Walter Goettlich is a doctoral student in sociology at the University of Kansas. For his thesis, he drove over 10,000 miles on American highways and byways gathering bumper sticker data, conducting interviews with bumper sticker owners and onlookers, while reflecting on his own reactions to all that he encountered on this journey. Goettlich presented his findings August 12 at the 112th Annual Meeting of the American Sociological Association in Montreal. The theme of this year’s ASA conference is "Culture, Inequalities, and Social Inclusion Across the Globe."
In an open letter before the conference, Michèle Lamont, Professor of Sociology & African and African American Studies at Harvard University and Chair of the ASA 2017 Program Committee described the goal of this year’s conference. Lamont wrote: “The 112th Annual Meeting of the ASA (Aug. 12-15, 2017) will make its central goal the improvement of our understanding of the nexus of culture, inequalities, and group boundaries in order to promote greater social inclusion and resilience, collective well-being, and solidarity in the United States and globally.” Adding, “Because sociologists are uniquely equipped to study inequalities in all their dimensions, it is high time to focus on the politics of social recognition and their interaction with and impact on the distribution of social and material resources, including how they are mediated by and/or manifest themselves in education, labor, immigration, consumption, law, social movements, health, science, the family, the economy, and beyond.”
Bumper stickers may seem like a pithy or glib angle to tackle such a complex and multifaceted agenda. However, bumper stickers can be poignant. For example, in light of the atrocity that occurred in Charlottesville, Virginia this weekend a simple bumper sticker phrase ("Hate Has No Home Here") instantly became a touchstone for me and others I know. On Aug. 13, 2017, the Associated Press reported:
"The chaos [in Charlottesville] erupted around what is believed to be the largest group of white nationalists to come together in a decade - including neo-Nazis, skinheads, members of the Ku Klux Klan - who descended on the city to "take America back" by rallying against plans to remove a Confederate statue. Hundreds came to protest against the racism. Peaceful protesters were marching downtown, carrying signs that read "black lives matter" and "love."
A silver Dodge Challenger suddenly came barreling through "a sea of people" and smashed into another car, said Matt Korbon, a 22-year-old University of Virginia student. The impact hurled people into the air and blew off their shoes. A 32-year-old woman was killed as she crossed the street.”
The hate-fueled rally that took place in Charlottesville this weekend has left me speechless. It’s impossible to unpack all of the ingredients baked into this historic civil rights event in a single blog post. Nor am I someone academically equipped to tackle such a daunting task. That said, last night when I was driving home from the grocery store around sunset, I pulled up behind a beat-up old Prius covered in bumper stickers that summed up messages of 'social inclusion across the globe.’ There were classic bumper stickers such as the Human Rights Campaign equality symbol, “COEXIST,” “Think Globally, Act Locally,” “Whirled Peas” and countless others.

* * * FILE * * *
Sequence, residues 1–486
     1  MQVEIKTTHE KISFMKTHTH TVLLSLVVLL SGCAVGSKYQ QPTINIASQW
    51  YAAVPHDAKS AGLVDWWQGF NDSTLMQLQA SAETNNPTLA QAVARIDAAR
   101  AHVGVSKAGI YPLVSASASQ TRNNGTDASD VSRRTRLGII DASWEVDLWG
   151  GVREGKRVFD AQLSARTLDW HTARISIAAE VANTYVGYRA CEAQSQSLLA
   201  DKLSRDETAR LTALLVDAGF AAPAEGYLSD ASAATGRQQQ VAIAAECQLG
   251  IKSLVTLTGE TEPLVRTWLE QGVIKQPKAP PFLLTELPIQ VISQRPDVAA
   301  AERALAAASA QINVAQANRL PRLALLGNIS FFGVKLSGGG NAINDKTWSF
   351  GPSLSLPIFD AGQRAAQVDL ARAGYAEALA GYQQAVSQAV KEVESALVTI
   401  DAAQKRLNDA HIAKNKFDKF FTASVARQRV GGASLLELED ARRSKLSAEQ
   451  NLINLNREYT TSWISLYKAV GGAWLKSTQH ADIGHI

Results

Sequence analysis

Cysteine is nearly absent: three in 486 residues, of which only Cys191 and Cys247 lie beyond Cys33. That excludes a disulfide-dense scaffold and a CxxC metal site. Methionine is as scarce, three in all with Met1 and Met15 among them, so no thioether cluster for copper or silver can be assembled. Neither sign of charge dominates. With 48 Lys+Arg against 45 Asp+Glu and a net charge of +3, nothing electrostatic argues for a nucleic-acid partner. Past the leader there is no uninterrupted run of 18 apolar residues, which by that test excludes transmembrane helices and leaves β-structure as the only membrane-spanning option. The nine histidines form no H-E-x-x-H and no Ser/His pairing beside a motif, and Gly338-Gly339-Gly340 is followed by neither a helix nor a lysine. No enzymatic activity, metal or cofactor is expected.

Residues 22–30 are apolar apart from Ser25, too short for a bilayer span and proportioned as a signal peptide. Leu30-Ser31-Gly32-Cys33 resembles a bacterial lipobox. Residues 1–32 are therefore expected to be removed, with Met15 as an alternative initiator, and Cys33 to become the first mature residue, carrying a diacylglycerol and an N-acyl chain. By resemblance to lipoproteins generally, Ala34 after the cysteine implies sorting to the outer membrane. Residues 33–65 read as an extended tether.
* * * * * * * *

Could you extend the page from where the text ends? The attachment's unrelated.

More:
Without a doubt, the bumper sticker that seemed most timely while waiting behind this random car at a red light was HATE HAS NO HOME HERE that included a heart symbol embedded with an American flag. This simple five-word sentiment adhered to the bumper of someone’s Toyota summarized just about everything I would want to say to my 9-year-old daughter as a coping strategy and way to move forward from the Charlottesville bloodshed and horrific loss of life.
On his Wordpress page, Goettlich describes his thesis, “Interstate Interstitial: Bumper Stickers and Spaces of Social Encounter on and Beyond American Superhighways," and research question: “Does the moment of one car passing another on the highway constitute a social encounter between two drivers, otherwise ensconced in their cars, mobile subjectivities unknown and apparently unknowable to one another? If so, what are some of the possibilities and limitations of such an encounter?”
Goettlich also described his bumper sticker research in an embargoed press release prior to the disturbing events that took place in Charlottesville. In this statement, he said: "Certainly, not everyone who reads a given sticker will attempt to make sense of it, and many will not even take notice in the first place. But for those who do, the practice of reading such inscriptions is not a trivial matter. Bumper stickers open up the possibility to try to imagine who it is that would have such a message on their car. They can make you feel a certain way. Or you can see something and say, 'Oh, that's one of those people,' and other times just be flummoxed. It's a form of social encounter. I think it's important to pay attention to this, especially as many political pundits and social critics lament declining public involvement. In these kinds of spaces, especially highways, malls and, airports, how do we maintain social connections? And what are the limitations of these connections, particularly if we already have somebody pegged or labeled as something?"
Bumper stickers remain an unspoken form of social interaction that takes place silently between car owners and strangers in parking lots, country roads, city streets, and interstates across the United States. Bumper stickers offer a unique opportunity for people from all walks of life to share their views in a public social sphere. Hopefully, the tragic events that have unfolded in Charlottesville over the past few days will result in more public displays of tolerance, love, and compassion.